MIRROR Group Newspapers yesterday sealed its return to normality following the depredations of the Robert Maxwell era with a strong profits performance and the promise of a return to dividend payments this year.
The group, which is involved in a consortium bid for Newspaper Publishing, publisher of the Independent and the Independent on Sunday, turned a loss of pounds 88.7m in 1992 into pre-tax profits of pounds 131.9m in the 53 weeks ended 2 January. David Montgomery, its chief executive, indicated a 'modest' dividend would be paid at the half-year stage.
Stripping out exceptional factors, principally the release of provisions following the successful recovery of assets siphoned from the pension fund by Mr Maxwell, underlying trading profits were up 19 per cent to pounds 115.9m.
Strong cash flow meant that debts were cut by pounds 57m. As a result net interest payable was slashed from pounds 44.2m to pounds 29.8m. After interest and a pounds 12.8m financing charge in respect of the pension fund, pre-tax profits on ordinary activities more than doubled to pounds 73.8m.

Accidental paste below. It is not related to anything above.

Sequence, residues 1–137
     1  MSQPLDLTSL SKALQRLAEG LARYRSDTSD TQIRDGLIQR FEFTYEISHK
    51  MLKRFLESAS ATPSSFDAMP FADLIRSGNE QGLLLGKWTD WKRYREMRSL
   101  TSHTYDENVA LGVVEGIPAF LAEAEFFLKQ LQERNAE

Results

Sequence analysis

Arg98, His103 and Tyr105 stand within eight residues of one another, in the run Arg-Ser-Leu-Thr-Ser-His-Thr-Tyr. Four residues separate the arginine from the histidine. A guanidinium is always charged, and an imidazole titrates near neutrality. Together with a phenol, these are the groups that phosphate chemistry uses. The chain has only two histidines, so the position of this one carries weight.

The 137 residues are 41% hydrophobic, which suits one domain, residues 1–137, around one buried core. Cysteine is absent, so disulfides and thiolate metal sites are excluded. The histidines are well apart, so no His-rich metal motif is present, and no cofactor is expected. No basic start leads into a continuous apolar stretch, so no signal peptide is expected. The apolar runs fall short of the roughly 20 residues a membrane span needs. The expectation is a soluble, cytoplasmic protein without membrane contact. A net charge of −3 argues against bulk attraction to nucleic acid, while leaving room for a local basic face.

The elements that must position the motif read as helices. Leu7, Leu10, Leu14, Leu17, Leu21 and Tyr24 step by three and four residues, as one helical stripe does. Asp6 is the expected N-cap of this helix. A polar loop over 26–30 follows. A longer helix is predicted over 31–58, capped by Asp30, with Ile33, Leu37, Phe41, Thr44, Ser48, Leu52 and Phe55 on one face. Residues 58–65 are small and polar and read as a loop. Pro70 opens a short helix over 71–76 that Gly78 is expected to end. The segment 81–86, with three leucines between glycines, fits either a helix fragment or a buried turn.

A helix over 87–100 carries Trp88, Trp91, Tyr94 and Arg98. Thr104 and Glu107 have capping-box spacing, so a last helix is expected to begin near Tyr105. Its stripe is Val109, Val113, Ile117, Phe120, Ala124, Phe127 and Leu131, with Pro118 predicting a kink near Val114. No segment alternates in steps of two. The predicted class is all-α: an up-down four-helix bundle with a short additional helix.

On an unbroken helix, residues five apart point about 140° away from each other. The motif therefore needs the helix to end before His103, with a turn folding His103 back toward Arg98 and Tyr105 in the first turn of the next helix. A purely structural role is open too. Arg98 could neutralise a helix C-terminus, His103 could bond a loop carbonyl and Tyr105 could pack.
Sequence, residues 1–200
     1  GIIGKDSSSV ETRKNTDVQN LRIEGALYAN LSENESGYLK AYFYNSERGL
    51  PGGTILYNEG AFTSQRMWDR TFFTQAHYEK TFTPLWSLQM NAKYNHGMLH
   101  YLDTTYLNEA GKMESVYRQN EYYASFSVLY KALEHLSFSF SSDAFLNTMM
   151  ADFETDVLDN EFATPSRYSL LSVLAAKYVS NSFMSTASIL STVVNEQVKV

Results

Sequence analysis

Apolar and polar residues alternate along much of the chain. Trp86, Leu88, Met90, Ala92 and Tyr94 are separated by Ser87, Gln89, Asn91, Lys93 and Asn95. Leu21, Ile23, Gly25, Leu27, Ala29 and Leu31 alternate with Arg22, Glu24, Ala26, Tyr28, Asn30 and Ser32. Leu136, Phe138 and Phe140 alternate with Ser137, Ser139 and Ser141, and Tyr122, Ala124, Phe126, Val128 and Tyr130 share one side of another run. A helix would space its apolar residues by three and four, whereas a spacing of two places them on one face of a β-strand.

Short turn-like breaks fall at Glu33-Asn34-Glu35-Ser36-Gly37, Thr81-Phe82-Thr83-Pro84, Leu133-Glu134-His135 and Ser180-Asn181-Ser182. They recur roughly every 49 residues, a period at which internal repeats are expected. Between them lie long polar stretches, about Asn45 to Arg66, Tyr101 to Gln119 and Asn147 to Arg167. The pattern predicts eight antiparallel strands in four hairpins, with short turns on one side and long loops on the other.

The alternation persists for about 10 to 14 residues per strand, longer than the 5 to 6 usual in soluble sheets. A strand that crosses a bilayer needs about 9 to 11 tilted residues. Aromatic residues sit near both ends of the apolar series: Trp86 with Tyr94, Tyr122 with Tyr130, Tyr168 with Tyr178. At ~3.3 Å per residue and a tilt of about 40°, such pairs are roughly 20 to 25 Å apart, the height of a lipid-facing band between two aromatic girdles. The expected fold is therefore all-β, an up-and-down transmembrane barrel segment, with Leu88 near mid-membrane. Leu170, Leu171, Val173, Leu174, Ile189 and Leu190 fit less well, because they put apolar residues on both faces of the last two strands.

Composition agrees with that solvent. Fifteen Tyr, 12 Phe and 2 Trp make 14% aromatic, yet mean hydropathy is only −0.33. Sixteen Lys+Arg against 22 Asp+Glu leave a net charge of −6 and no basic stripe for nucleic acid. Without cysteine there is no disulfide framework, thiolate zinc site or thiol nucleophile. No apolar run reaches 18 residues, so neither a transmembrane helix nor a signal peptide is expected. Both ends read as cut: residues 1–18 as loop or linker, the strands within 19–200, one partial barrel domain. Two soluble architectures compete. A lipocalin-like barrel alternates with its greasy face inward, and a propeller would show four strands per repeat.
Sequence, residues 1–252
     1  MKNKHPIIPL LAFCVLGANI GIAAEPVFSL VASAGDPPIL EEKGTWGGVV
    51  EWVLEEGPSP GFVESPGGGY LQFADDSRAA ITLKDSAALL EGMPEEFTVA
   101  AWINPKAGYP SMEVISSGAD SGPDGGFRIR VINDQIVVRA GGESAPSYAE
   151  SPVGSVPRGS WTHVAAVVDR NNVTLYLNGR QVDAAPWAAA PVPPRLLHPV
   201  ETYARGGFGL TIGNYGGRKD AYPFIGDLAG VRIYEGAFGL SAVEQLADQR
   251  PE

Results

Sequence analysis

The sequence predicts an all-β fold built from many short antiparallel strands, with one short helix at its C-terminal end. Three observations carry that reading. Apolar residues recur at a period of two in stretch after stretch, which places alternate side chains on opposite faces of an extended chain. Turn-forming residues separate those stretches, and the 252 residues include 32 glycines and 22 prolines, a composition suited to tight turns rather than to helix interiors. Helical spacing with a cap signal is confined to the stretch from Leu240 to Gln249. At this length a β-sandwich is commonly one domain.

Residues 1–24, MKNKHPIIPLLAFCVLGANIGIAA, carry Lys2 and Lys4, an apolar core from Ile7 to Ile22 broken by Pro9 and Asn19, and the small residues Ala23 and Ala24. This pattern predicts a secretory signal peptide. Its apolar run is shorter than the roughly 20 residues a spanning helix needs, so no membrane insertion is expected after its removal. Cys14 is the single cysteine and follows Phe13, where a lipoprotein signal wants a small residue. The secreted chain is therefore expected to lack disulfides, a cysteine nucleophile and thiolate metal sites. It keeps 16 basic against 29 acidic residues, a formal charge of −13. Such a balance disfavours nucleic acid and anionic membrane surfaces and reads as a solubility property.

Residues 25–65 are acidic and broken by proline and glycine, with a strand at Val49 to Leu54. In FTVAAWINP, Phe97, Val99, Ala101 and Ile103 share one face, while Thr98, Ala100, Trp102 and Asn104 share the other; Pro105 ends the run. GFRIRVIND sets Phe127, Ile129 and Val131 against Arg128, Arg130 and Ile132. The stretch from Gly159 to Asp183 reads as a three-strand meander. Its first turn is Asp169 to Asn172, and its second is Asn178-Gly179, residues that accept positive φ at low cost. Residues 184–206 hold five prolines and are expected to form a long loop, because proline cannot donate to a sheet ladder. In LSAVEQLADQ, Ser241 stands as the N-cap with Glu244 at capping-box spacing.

The profits improvement was largely due to cost cutting; turnover rose by only 2 per cent to pounds 476.1m. While advertising revenues were up by 9.7 per cent, the price war that has seen the Sun cut its cover price to 20p, 7p less than the Daily Mirror, meant circulation revenues were down and promotional spend had to rise.
Indeed, the circulation of the Mirror, which accounts for around a third of group profits, dropped nearly 7 per cent to 2.55 million in the six months to January against the same period last year.
But the adoption of high technology production, consumated this week with the completion of MGN's move to Canary Wharf in London's Docklands, has sharply improved profitability and produced trading margins of 24 per cent, the highest in the industry.
Operating costs were cut by more than pounds 8m. Although the group faced higher newsprint costs, as a result of adding …